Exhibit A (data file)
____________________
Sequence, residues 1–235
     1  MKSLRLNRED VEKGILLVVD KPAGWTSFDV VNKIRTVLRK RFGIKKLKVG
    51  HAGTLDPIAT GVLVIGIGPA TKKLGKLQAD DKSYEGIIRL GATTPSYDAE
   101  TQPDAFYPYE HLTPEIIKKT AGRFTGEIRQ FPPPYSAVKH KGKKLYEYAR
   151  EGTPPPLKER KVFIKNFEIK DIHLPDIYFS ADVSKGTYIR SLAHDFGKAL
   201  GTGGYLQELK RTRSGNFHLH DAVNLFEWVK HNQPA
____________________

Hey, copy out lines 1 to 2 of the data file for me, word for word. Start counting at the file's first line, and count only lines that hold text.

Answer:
Sequence, residues 1–235
     1  MKSLRLNRED VEKGILLVVD KPAGWTSFDV VNKIRTVLRK RFGIKKLKVG